On Deck With Dunc

The Pool Is The School. The Lessons Are For Life.

Competitive Swimming – A Fish Out Of Water

Competitive swimming is a tough sport in a soft world.

It is an old-school sport in a new age environment.

What does that mean?

Like most organised sports, competitive swimming is a luxury. Families and children are not engaged in the world that is competitive swimming unless life is generally good. In broad sweeps of the brush that means life is peaceful, stable and, socio-economically, middle class or up.

By the very nature of society and today’s modern culture, families that find themselves in the competitive swimming demographic will often (but not always) exhibit other characteristics.

Parents will frequently be of the lawnmower or helicopter persuasion. From time to time certain individuals come along who embody that awful combination of the two – a parent who is always hovering around anxiously while micro-managing and troubleshooting every aspect of their child’s swimming journey. Poor kid.

Layer that on top of the natural emotional investment parents have for their children’s swimming, that visceral desire to see their loved one succeed, which can manifest as extra pressure on the young swimmers’ tired shoulders.

And swimming is a tiring, demanding, time intensive sport. Swimmers train a lot. It is not uncommon for age-group athletes to train for 16 hours a week, 48 weeks a year all to race a handful of times. That’s hard.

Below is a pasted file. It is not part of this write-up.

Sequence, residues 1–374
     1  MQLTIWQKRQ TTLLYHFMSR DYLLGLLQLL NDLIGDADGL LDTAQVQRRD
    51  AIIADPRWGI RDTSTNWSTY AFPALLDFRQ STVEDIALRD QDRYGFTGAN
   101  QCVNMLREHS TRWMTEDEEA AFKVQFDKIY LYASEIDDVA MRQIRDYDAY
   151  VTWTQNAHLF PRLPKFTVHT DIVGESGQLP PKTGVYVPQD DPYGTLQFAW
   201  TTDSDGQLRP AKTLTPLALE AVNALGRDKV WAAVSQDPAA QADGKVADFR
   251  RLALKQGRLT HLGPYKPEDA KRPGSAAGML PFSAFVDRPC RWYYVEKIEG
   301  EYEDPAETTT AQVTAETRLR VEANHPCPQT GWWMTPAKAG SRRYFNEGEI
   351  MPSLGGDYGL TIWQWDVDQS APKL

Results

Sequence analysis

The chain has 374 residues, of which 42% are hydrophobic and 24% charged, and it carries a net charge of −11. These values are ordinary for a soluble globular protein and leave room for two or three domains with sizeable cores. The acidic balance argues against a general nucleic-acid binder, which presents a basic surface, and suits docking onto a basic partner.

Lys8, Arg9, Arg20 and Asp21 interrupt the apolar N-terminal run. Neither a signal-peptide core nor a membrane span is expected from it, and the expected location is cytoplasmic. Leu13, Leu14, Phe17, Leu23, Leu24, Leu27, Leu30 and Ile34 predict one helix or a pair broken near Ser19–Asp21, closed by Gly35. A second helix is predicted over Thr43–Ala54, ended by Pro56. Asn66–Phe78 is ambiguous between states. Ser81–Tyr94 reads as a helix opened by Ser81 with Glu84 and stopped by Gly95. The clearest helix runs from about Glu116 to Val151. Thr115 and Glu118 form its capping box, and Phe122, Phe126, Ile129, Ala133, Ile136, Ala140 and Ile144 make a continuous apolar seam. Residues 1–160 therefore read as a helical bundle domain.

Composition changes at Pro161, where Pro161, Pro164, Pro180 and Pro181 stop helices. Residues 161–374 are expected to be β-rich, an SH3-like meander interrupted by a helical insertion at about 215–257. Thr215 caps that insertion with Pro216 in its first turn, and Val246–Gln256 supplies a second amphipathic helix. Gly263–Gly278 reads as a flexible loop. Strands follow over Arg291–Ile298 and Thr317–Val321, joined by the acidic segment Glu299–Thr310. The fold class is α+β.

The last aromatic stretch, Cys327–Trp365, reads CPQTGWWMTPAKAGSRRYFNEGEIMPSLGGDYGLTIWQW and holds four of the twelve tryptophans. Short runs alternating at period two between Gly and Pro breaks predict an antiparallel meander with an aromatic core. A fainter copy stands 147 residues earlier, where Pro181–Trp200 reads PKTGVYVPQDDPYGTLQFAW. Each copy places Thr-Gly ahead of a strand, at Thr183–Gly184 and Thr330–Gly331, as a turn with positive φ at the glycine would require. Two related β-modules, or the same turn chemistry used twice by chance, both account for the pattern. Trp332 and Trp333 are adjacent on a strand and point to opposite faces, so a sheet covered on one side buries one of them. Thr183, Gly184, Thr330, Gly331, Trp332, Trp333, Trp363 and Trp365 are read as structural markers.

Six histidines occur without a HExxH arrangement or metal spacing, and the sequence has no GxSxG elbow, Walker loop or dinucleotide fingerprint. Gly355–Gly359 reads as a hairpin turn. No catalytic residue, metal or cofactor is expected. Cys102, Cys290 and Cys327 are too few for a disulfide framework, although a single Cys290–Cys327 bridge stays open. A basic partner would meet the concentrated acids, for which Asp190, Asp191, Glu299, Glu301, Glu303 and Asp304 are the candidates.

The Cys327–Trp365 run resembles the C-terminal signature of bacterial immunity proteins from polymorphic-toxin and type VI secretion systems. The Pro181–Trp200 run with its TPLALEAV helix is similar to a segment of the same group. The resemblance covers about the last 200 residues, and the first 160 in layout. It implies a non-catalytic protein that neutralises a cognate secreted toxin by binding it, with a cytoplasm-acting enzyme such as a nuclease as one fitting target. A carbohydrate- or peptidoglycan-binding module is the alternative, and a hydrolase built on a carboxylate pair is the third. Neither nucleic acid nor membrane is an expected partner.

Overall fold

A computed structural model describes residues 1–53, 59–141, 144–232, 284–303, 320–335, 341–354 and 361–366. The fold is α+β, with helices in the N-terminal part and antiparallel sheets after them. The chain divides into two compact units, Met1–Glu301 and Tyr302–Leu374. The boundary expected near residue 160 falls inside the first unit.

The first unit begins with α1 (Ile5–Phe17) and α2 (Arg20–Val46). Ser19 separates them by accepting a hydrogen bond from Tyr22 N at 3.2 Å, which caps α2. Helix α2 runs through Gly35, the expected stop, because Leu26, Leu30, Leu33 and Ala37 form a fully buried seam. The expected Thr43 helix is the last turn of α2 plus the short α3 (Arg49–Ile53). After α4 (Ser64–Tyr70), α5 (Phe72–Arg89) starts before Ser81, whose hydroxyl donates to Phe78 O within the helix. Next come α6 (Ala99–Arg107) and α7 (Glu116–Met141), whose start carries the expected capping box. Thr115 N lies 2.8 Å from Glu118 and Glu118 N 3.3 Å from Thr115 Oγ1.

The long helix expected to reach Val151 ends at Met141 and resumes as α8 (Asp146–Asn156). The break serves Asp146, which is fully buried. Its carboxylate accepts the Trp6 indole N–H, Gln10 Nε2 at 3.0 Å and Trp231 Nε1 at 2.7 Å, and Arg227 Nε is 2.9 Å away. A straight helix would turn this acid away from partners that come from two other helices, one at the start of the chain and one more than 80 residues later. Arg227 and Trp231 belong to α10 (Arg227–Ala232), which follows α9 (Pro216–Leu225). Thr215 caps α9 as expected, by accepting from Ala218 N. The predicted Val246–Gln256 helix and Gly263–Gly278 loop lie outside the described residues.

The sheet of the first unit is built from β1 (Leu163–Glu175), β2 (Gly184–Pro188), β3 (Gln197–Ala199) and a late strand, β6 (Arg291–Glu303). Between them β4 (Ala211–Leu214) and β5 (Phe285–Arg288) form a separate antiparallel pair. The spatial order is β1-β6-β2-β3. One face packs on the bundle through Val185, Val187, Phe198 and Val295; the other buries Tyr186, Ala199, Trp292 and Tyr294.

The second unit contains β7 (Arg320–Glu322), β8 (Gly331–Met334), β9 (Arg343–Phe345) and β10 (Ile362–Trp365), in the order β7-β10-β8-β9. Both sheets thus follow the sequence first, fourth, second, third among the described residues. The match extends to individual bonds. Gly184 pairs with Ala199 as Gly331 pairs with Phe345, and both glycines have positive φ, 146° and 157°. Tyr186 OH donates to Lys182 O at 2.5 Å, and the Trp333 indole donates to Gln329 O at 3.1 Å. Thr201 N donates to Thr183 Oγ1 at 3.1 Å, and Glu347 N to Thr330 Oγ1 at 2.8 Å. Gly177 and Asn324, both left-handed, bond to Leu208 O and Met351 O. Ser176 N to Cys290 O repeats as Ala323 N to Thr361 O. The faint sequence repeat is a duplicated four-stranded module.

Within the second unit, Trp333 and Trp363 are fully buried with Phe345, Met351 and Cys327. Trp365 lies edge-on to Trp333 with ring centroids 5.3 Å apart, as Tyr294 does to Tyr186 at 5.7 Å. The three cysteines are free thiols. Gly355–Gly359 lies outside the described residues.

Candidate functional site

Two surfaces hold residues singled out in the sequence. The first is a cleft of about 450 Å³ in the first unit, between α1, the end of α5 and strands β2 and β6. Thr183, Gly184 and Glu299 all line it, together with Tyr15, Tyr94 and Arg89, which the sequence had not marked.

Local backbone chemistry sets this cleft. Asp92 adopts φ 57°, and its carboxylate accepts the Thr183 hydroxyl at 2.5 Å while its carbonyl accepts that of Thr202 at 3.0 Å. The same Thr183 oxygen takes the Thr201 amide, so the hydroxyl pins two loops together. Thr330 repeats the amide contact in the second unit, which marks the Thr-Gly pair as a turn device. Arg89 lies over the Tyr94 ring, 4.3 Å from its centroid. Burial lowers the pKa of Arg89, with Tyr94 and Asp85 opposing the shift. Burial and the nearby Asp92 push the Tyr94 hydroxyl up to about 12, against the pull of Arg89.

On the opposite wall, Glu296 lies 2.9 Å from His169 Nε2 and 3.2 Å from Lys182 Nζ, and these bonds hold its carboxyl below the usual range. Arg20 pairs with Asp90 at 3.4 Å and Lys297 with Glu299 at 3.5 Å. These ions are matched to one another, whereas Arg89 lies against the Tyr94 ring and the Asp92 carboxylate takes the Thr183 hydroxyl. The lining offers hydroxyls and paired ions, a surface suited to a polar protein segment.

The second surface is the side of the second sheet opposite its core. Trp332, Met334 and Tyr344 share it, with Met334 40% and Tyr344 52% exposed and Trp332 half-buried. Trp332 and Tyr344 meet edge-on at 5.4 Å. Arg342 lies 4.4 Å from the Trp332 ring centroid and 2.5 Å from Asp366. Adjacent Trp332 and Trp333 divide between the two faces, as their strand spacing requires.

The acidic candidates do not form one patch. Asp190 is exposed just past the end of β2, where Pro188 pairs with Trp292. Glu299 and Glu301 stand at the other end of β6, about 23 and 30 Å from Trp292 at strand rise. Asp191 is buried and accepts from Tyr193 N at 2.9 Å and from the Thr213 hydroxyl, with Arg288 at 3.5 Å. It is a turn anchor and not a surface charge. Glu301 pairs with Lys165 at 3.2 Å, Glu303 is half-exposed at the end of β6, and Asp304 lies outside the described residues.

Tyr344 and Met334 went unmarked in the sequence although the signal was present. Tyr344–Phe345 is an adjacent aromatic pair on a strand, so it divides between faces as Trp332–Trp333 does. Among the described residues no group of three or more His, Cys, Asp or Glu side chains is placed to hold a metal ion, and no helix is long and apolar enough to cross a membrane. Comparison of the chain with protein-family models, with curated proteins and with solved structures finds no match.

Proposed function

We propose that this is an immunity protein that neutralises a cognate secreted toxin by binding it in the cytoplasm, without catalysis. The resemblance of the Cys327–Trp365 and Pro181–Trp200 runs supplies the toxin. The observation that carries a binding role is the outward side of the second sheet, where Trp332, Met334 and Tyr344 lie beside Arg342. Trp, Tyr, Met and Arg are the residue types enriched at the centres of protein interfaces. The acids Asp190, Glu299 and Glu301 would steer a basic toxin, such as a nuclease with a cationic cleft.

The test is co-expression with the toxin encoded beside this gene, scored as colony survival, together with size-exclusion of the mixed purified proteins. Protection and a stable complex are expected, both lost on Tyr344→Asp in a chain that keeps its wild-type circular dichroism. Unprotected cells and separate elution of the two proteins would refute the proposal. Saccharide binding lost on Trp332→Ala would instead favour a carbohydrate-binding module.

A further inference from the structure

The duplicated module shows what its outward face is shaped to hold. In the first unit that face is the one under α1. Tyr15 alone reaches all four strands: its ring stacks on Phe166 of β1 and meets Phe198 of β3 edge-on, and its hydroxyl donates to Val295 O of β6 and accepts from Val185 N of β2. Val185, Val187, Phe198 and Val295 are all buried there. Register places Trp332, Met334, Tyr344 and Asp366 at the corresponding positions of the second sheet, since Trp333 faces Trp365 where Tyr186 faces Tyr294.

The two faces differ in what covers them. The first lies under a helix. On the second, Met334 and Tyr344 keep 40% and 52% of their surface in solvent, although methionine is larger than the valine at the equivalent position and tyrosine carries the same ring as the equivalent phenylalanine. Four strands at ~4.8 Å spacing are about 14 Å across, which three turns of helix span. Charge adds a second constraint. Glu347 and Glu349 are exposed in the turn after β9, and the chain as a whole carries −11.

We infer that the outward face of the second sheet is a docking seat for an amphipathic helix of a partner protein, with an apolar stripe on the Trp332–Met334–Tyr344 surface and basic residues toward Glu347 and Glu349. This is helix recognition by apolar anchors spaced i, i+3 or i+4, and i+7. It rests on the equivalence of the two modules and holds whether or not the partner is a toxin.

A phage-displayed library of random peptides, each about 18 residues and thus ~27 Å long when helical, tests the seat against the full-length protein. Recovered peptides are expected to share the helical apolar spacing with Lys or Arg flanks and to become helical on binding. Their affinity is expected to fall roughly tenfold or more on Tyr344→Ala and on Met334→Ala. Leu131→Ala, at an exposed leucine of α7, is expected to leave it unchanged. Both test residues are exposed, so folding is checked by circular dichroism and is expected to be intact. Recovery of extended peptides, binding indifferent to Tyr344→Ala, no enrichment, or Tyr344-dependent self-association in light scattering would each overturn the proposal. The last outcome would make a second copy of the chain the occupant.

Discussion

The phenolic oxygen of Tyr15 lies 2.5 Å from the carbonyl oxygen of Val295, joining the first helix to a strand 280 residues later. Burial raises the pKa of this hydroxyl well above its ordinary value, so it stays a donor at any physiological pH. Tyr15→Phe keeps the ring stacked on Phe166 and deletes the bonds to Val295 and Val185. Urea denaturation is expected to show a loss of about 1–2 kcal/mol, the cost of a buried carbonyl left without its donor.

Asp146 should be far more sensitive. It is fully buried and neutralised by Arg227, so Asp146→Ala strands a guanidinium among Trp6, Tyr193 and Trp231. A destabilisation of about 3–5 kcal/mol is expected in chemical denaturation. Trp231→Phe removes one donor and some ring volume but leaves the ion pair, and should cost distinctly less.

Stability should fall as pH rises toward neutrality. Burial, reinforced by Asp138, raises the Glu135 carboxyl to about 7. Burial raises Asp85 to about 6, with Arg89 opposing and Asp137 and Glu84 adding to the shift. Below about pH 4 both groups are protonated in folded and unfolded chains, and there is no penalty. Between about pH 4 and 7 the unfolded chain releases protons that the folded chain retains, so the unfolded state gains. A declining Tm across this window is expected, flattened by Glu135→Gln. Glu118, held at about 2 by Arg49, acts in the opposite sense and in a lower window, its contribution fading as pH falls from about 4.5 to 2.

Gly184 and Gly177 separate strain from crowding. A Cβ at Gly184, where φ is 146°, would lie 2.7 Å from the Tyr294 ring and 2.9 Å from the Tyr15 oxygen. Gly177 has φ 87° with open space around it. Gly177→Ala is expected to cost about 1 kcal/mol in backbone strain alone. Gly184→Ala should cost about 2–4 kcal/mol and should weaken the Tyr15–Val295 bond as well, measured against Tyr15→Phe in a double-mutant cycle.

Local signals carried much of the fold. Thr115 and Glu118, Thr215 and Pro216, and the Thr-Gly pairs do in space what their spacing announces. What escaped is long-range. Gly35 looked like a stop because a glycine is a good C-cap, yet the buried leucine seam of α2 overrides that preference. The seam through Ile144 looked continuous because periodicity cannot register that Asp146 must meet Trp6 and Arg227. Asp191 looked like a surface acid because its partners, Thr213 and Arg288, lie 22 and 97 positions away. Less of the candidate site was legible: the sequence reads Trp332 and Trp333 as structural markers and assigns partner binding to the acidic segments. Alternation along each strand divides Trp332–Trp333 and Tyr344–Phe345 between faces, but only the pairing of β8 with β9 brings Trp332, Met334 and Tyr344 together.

It tests resolve.

It tests desire.

It tests.

Now, combine all that with some of the common traits our modern age-groupers exhibit and we are left with a noisome, noxious brew.

Teenagers today live in a totally different world thanks to the influence of social media. It’s a world that distorts perceptions. Teenagers operate in an echo-chamber that never sleeps. They have unrealistic views about success. They catastrophise making massive mountains out of measly molehills and, encouraged by the pedagological mumbo—jumbo taught by sociology academics, they have mastered the art of avoiding personal responsibility. Everything that happens is someone else’s fault.

In the face of all this, competitive swimming remains essentially unchanged. It offers an arena for athletes to test themselves against themselves. There are no judges subjectively scoring swims. Outside of relays, there are no teammates who can let you down. There is no opponent who can directly interfere with your swim.

It is just you, alone and exposed, standing behind the blocks with nothing but your preparation, confidence and shortcomings all measured against that unthinking, uncaring clock.

As a sport it is as distilled and pure as one can find.

It is the purity of that test, the total vulnerability in the face of the result and the absolute requirement of putting your cards on the table that makes competitive swimming such an anachronism. Win or lose, succeed or fail it’s all on you.

It is confronting.

It is uncomfortable.

It is tough.

Many young people today are not great at accepting responsibility. Temporary set-backs assume end-of-the-world proportions with well meaning parents over-intervening in response. For many young athletes and their families, the challenges thrown up by swimming only ever happen at the pool.

The still waters of an empty pool form a mirror that forces you to look at yourself. It has no ears to hear your excuses. A hard taskmaster, competitive swimming respects nothing but your time, grind and dedication.

However, for those willing to pay the price upfront in full, it offers experiences, lessons and achievements that will always shine brightly in the mind long after the racing days have passed.

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